From high heels to combat boots
One woman's idea of getting New Yorkers into shape
Brenner's "recruits" train at Pure Power Boot Camp.
(CNN) -- After spending almost six years as a Wall Street trader, Lauren Brenner decided to stop trading and start training for a new career.
"I spent several years on the floor of the New York Stock Exchange, so I was [with] 5,000 guys screaming every single day, and that's kind of a bizarre way to live," the fitness buff and former Syracuse University tennis player said.
Now, Brenner and her staff of former Marines do the screaming at Pure Power Boot Camp, a military-style fitness facility she opened in 2003 in Manhattan. Boot camp "recruits" get physical and mental strength training.
After the September 11, 2001, terrorist attacks Brenner felt that people, especially New Yorkers, wanted to be a part of something, she said.
"I wanted ... a place that when you walk in, there's accountability, there's respect," she said.
That place wasn't on the trading floor, Brenner said.
"I left and traded in my high heels for a pair of fatigues and combat boots."
Brenner leased a 6,500-square-foot building in Manhattan and gave herself a logistical and financial challenge: transform the empty space into an indoor obstacle course in six weeks, the same amount of time as one of her boot camp courses.
"If I was going to talk the talk, I better walk the walk," Brenner said.
To make the training experience feel authentic, she modeled the gym on the Army's confidence course at Fort Knox, Kentucky, making it New York City's only indoor obstacle-confidence course.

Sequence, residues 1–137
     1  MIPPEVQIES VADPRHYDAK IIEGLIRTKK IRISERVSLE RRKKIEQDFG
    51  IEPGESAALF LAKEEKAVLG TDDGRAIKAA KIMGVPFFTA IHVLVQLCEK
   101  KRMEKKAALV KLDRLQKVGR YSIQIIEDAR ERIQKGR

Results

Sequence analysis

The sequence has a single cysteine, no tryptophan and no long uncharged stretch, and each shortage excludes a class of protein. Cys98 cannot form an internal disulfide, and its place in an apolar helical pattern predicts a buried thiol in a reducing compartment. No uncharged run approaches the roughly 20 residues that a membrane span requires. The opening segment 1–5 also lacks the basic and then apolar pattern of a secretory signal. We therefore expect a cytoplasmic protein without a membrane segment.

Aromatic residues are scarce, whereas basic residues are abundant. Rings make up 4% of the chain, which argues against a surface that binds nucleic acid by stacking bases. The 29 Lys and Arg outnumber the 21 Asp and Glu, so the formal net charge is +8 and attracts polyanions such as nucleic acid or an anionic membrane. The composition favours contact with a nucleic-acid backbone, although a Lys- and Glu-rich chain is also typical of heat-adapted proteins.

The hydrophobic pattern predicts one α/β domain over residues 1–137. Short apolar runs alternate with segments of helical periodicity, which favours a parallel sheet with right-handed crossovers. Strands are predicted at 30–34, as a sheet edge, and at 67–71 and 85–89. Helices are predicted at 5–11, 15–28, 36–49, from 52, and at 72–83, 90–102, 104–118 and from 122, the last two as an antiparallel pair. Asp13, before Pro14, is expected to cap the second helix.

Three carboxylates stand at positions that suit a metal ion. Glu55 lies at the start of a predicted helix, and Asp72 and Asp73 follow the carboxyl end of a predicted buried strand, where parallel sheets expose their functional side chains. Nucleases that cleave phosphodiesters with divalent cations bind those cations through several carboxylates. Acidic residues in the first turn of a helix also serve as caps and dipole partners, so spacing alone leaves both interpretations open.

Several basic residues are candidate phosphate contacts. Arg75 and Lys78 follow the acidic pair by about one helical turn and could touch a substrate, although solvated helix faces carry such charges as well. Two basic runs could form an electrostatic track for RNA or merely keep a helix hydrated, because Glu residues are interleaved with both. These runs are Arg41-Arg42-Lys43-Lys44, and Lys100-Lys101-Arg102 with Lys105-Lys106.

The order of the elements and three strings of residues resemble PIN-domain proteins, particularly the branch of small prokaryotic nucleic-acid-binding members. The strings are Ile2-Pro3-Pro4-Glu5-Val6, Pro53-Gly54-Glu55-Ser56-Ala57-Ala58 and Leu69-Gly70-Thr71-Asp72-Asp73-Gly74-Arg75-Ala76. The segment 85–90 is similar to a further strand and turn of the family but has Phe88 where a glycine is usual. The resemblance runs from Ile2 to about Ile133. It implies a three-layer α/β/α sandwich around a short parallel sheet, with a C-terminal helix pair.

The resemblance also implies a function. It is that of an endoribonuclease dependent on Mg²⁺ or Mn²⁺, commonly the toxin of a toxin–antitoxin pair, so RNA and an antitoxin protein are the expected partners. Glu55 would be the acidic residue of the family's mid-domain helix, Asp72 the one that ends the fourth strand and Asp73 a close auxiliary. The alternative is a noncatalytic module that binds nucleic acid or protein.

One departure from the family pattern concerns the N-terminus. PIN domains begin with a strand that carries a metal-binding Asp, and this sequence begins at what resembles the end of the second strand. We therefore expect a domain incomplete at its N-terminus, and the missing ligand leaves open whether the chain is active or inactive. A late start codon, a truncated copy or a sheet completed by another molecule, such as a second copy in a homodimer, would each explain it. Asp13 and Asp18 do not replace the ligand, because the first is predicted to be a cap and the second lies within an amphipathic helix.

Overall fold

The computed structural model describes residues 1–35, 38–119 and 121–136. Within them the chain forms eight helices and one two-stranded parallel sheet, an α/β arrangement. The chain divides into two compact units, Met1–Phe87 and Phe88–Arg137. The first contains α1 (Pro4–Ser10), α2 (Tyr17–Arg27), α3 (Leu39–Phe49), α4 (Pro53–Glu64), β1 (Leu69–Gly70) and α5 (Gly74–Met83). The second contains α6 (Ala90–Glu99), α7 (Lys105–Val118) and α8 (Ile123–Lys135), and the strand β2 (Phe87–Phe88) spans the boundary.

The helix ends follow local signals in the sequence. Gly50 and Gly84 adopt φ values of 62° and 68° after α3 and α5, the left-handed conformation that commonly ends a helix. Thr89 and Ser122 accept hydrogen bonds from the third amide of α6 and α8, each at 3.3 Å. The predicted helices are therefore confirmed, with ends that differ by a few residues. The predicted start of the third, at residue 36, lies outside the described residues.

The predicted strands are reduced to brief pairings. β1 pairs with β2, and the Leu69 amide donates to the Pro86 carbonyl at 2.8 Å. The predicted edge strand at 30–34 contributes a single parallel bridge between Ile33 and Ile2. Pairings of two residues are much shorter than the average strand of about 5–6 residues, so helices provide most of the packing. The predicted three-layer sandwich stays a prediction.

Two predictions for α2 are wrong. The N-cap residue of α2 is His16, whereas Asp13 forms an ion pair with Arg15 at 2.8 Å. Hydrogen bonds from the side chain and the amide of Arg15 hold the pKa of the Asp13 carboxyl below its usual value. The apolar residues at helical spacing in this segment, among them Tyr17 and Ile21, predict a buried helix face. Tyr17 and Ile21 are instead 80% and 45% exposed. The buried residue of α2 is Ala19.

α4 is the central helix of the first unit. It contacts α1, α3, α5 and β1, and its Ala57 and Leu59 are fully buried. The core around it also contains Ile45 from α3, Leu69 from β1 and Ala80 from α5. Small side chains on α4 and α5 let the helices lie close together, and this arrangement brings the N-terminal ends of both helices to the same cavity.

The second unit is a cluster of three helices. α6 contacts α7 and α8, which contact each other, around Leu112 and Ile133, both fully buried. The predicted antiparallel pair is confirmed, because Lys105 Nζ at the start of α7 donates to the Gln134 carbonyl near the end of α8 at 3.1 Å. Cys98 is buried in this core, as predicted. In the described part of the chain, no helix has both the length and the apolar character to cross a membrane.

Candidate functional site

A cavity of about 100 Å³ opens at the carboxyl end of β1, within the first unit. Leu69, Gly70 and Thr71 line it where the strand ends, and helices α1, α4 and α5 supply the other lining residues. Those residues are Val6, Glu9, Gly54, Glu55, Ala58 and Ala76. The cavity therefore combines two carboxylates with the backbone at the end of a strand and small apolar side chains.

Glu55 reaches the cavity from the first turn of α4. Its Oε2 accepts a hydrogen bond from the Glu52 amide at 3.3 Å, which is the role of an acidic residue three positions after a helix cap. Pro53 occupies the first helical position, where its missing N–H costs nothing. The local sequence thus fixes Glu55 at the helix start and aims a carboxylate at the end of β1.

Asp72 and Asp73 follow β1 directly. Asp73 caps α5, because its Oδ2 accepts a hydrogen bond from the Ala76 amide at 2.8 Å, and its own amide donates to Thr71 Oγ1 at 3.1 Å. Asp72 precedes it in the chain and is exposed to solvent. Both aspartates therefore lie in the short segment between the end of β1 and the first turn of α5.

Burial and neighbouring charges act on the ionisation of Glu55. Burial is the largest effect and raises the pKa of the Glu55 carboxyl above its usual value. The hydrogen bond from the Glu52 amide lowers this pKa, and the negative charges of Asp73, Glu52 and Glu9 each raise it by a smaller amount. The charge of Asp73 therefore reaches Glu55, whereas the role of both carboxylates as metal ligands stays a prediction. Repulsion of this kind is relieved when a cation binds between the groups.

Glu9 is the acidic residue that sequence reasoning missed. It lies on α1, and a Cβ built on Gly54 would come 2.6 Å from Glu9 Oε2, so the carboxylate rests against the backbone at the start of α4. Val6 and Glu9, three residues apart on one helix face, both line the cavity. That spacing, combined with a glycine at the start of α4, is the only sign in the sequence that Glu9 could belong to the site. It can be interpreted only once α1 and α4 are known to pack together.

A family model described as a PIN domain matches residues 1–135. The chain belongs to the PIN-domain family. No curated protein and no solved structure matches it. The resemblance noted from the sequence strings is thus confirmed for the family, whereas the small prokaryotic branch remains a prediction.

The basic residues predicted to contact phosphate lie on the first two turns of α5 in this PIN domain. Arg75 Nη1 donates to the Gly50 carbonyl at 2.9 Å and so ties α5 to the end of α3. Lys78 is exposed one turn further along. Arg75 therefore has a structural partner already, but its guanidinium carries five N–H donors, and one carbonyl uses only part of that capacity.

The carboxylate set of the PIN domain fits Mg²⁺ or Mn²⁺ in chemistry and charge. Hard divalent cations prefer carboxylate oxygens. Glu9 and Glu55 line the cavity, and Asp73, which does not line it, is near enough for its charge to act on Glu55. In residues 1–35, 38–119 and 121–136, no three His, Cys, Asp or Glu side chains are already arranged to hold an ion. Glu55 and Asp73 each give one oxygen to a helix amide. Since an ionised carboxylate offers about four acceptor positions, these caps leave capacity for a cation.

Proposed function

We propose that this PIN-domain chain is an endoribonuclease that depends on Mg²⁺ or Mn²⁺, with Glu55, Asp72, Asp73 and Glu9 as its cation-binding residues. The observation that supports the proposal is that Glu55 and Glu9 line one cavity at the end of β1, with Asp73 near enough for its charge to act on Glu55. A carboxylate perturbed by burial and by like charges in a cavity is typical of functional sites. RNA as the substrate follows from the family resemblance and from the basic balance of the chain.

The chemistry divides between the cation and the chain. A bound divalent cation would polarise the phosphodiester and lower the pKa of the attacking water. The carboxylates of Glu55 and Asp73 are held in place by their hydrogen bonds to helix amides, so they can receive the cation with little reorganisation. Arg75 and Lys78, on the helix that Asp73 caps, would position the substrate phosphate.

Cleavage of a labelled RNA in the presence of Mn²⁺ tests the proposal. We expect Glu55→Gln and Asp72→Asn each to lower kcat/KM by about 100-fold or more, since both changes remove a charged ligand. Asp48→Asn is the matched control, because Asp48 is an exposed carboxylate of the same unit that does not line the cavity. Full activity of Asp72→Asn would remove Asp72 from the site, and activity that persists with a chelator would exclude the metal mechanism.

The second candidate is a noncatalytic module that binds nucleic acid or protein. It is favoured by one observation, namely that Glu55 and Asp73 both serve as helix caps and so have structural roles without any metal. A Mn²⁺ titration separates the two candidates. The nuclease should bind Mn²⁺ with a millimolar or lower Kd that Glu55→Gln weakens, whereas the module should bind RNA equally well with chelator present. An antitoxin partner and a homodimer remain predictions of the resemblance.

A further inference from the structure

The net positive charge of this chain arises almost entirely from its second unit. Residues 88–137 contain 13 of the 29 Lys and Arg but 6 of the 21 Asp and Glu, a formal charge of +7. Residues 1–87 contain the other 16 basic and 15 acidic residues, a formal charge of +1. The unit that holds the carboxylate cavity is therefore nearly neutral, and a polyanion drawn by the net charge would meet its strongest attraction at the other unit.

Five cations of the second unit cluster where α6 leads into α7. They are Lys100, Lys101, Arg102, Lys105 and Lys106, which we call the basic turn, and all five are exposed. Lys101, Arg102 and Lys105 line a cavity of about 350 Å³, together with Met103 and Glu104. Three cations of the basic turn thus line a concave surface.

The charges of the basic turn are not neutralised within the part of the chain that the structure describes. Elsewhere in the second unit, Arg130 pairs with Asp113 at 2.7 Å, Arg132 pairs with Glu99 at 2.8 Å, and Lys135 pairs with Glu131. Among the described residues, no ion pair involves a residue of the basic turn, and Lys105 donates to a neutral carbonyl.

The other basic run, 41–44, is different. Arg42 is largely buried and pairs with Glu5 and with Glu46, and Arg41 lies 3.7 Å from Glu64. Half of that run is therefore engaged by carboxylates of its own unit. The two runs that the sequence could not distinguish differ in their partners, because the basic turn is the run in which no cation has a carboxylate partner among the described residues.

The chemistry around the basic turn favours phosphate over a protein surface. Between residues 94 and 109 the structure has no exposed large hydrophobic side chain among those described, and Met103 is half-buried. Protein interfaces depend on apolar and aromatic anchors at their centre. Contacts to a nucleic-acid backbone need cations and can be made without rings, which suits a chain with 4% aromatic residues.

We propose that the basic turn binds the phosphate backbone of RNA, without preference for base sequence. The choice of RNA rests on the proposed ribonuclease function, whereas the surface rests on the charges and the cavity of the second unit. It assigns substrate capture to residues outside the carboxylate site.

A one-woman army
When doors opened in January 2004, Brenner had her hands full.
"I taught every single class. I was my receptionist, my PR person, ... my cleaning lady," she said "I was definitely the one-woman show, because I was broke. I had absolutely no money. So, ...I knew that this had to make it."
Three months later, Brenner got help when she hired a former Marine as one of her instructors, the first of several she would hire.
Now, she and her staff of former leathernecks lead platoons of 16 people. And once you're part of a platoon, accountability to your fellow team members can become part of the workout.
"If you come in five minutes late, the platoon is running stairs waiting for you to show," Brenner said.
For the members, the tough-love approach works.
"It's actually really fun to have people yell at you and motivate you like that," said Amanda Rudey, a boot camp participant.
Boot camp and beyond
This year, Brenner has 715 recruits. She says her most popular program is called "tour of duty," in which participants work out an hour a day, four times a week for six weeks. And results are guaranteed.
"If you do not improve your fitness level, I train you free of charge indefinitely until you do," she said.
In addition to her boot camp, she is a fitness contributor on NBC's "Today" show. She'll also be the host of "Fit Family" this spring on FitTV.
Brenner hopes to offer her tough workouts to people beyond New York.
"When I opened this, it was not to have one, it was to franchise," she said. "I wanted to make an impact on people's lives, other than just New York City. But you know what they say, you make it [in] New York, you [can] make it anywhere."
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